4. Your own ghosts: A par­ent’s past could play a part in the child’s propen­sity to de­velop into ei­ther a bully or a vic­tim. “Par­ents who have been hu­mil­i­ated as chil­dren tend to also hu­mil­i­ate their chil­dren; par­ents who suf­fered from sex­ual abuse, tend to be over­pro­tec­tive. All of this re­sults in a vi­cious cy­cle,” he says. Ad­di­tion­ally, par­ents who might have been bul­lied them­selves could be prone to giv­ing their kids bad ad­vice. Some ex­am­ples ac­cord­ing to Dr Har­ish are ‘be strong’, ‘go fight back, and worst of all, ‘don’t tell any­one’.

Smart tech­niques

1. Story-swap­ping: Dr Har­ish rec­om­mends al­ter­na­tive bet­ter­ment tech­niques such as shar­ing in­ci­dents from your own life. For ex­am­ple, telling your child that you were yelled at by your boss for not com­plet­ing ‘X’ task ef­fi­ciently, can serve as some sort of sup­port. Of course, you have to im­me­di­ately follow it up with ‘To­mor­row I will try harder and fo­cus on this par­tic­u­lar task that I am find­ing a lit­tle dif­fi­cult’. Shar­ing is in fact an im­por­tant tool for par­ent-child bond­ing, even at the tod­dler level. Get­ting your child to share his feel­ings or emo­tions with you from a very early age will be­come the foun­da­tion for a healthy re­la­tion­ship which will be in­te­gral to his well-be­ing as he grows up.

2. Non-ver­bal cues: But what hap­pens if your child isn’t ex­actly say­ing much? Ac­cord­ing to Dr Har­ish, nail-bit­ing, bed-wet­ting, not want­ing to go to school and other signs of anx­i­ety are warn­ing sig­nals that should not be ig­nored.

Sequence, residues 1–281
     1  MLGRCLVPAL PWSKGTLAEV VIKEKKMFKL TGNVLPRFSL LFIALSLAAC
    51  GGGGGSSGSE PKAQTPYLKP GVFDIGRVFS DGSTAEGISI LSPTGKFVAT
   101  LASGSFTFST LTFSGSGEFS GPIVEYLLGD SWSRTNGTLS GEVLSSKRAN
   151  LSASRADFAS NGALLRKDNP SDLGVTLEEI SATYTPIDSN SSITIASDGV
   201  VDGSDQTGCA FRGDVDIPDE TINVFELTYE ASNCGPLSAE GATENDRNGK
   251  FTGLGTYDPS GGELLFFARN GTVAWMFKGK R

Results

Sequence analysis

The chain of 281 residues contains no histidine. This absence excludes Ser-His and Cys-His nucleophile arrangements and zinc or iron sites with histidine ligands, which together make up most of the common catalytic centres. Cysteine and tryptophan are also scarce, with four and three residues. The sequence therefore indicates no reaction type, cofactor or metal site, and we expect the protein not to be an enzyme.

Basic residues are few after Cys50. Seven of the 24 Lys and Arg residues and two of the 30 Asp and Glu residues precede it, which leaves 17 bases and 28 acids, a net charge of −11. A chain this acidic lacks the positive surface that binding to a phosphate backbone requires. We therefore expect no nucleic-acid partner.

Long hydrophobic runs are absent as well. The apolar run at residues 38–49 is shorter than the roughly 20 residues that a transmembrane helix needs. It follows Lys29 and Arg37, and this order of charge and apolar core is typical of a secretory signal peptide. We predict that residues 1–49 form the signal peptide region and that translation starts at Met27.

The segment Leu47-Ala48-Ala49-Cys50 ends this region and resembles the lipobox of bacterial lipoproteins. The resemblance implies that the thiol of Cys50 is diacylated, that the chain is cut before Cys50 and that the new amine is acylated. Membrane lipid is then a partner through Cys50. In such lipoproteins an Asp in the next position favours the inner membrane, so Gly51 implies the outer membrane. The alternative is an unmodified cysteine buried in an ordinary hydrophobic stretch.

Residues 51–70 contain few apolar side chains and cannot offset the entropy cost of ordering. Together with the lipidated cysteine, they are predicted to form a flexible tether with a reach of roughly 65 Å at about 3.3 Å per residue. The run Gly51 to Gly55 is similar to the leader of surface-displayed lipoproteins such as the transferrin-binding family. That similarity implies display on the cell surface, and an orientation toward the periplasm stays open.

3. Cake and bal­loons: If a child is hav­ing trou­ble mak­ing friends, or is be­ing bul­lied, Dr Har­ish’s rec­om­men­da­tion is to throw a party and in­vite all the kids from his play­group or school, in­clud­ing the prob­lem ones. If some­thing more dras­tic has hap­pened at a school, such as abuse, it is im­per­a­tive for the par­ents to move the child to an­other school. “It is your right and your duty to pro­tect your child,” he un­der­lines.

4. The great out­doors: Chil­dren from tribal schools, says Dr Har­ish, are proven to be more peace­ful and the only con­clu­sion that ex­perts could come to, is that th­ese chil­dren sim­ply com­mune with na­ture far more than their ur­ban coun­ter­parts. The take-away from this is rather straight­for­ward: pic­nics, treks, walks, vis­its to the park and lots of out­door play­time should take prece­dence over all the tech time that ur­ban kids are ac­cus­tomed to.

In the end...

Some chil­dren are im­pul­sive by na­ture and tend to be ag­gres­sive with their peers. In such cases, par­ents should seek ex­pert guid­ance and treat­ment, ad­vises Dr Har­ish. Im­pul­sive­ness, he as­sures, can be calmed. Some chil­dren are born with learn­ing dis­abil­i­ties and veer to­wards get­ting bul­lied. He in­sists that ev­ery child can learn, and un­der­scores his ear­lier points about re­frain­ing from hu­mil­i­a­tion, com­par­i­son and con­tempt. All in all, the ear­lier par­ents fine-tune their non-ver­bal cues to chil­dren, the bet­ter the child’s in­ter­per­sonal re­la­tion­ships are likely to be in the fu­ture.